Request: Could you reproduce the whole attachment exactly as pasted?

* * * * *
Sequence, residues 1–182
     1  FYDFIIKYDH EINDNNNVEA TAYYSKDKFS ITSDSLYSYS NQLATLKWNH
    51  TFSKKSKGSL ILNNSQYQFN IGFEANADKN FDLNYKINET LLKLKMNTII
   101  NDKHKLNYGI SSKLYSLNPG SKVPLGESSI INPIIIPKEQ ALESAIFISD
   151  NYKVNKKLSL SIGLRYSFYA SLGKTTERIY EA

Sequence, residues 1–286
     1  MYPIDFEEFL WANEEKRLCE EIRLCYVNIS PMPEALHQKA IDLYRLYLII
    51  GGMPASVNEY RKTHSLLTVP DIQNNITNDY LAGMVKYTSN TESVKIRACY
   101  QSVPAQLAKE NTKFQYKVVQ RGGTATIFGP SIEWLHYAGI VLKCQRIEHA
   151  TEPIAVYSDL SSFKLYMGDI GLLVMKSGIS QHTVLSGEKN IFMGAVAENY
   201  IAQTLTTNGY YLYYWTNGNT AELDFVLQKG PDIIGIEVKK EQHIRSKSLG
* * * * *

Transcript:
Sequence, residues 1–182
     1  FYDFIIKYDH EINDNNNVEA TAYYSKDKFS ITSDSLYSYS NQLATLKWNH
    51  TFSKKSKGSL ILNNSQYQFN IGFEANADKN FDLNYKINET LLKLKMNTII
   101  NDKHKLNYGI SSKLYSLNPG SKVPLGESSI INPIIIPKEQ ALESAIFISD
   151  NYKVNKKLSL SIGLRYSFYA SLGKTTERIY EA

Sequence, residues 1–286
     1  MYPIDFEEFL WANEEKRLCE EIRLCYVNIS PMPEALHQKA IDLYRLYLII
    51  GGMPASVNEY RKTHSLLTVP DIQNNITNDY LAGMVKYTSN TESVKIRACY
   101  QSVPAQLAKE NTKFQYKVVQ RGGTATIFGP SIEWLHYAGI VLKCQRIEHA
   151  TEPIAVYSDL SSFKLYMGDI GLLVMKSGIS QHTVLSGEKN IFMGAVAENY
   201  IAQTLTTNGY YLYYWTNGNT AELDFVLQKG PDIIGIEVKK EQHIRSKSLG